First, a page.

At least 750 allegations of sexual misconduct were made against serving police officers across Britain over five years, new figures show.Data was obtained from 31 police forces in England, Wales and Scotland under the Freedom of Information Act.Forces were asked how many complaints of sexual assault were made against police officers between 2016 and 2020.The End Violence Against Women Coalition said few officers face "any meaningful consequences".Data, obtained by PA Media's Radar service, shows that most complaints, where gender was recorded, were against male officers.Allegations could be historical, and the responses did not indicate whether any of the officers were on duty at the time. At least 34 cases resulted in a dismissal.There are 43 police forces in Confidence in police 'eroded' says new force chief
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The End Violence Against Women Coalition, which includes groups such as Rape Crisis, Refuge and Women's Aid, said "widespread institutional failings" needed to be addressed.
Deputy director Denzi Ugur said: "We need to see a radical overhaul of how the police respond to violence against women - especially within their own ranks."This means greater accountability and urgent, co-ordinated and strategic action to address violence against women."The figures come after Home Secretary Priti Patel announced that an inquiry will be launched into "systemic failures" that allowed Wayne Couzens to continue to be a police officer.Couzens, an officer with the Metropolitan Police, was given a whole-life sentence last month for the kidnap, rape and murder of Sarah Everard.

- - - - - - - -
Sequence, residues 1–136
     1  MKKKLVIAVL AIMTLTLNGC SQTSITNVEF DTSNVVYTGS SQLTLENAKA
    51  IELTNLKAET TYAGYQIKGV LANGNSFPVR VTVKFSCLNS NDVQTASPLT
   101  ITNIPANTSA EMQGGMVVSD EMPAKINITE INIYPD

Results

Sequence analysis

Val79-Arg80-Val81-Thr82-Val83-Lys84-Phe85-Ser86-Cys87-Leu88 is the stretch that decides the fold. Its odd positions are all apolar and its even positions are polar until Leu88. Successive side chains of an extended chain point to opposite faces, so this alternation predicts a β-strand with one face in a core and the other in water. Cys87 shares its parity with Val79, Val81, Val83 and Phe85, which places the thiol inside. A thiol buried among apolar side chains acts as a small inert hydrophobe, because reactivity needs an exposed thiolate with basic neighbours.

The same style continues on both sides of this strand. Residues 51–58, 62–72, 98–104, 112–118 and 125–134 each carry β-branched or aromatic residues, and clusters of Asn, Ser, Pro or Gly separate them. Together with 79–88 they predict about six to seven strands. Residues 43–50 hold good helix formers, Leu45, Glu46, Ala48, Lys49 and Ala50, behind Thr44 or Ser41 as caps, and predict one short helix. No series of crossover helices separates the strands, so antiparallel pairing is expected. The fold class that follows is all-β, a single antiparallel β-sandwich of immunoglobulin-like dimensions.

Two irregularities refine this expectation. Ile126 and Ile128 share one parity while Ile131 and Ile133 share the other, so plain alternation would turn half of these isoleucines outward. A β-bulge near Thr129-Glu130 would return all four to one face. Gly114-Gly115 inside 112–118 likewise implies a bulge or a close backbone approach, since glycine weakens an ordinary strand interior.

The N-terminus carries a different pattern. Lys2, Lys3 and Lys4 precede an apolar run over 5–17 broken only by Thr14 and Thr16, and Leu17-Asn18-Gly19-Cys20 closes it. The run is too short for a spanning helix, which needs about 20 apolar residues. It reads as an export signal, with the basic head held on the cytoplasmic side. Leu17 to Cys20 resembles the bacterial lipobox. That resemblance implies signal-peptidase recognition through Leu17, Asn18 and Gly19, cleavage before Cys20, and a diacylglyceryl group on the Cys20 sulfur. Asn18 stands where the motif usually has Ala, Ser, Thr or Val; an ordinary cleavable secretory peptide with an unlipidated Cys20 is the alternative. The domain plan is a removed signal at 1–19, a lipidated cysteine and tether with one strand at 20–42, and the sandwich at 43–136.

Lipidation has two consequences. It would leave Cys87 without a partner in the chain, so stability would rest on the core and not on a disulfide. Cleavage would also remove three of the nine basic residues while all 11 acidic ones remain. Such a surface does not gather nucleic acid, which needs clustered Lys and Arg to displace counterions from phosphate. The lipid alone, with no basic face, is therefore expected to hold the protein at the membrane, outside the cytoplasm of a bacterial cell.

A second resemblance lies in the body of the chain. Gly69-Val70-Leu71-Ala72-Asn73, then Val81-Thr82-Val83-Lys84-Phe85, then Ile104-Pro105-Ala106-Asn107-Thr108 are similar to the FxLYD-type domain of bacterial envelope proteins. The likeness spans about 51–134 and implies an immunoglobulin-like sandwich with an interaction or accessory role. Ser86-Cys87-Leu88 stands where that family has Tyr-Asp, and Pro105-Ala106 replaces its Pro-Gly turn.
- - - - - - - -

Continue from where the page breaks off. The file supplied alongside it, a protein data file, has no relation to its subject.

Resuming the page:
Meanwhile, Baroness Louise Casey of Blackstock will lead an independent review into the Met's culture and standards, examining the force's vetting, recruitment and training procedures.
Between 2016 and 2020, the Met - the UK's largest police force - recorded 530 allegations of sexual offences against serving officers and staff members, according to different FoI data, with 47 claims resulting in a dismissal.
Surrey Police recorded 36 allegations of sexual misconduct against its officers over the same period.
The Independent Office for Police Conduct, which oversees the police complaints system, said it was down to forces to "stamp out" any abuse of police powers.
A spokesperson said: "Each case reported represents a serious betrayal of the trust and confidence that individuals should have in the police. It is behaviour which can never be justified or condoned."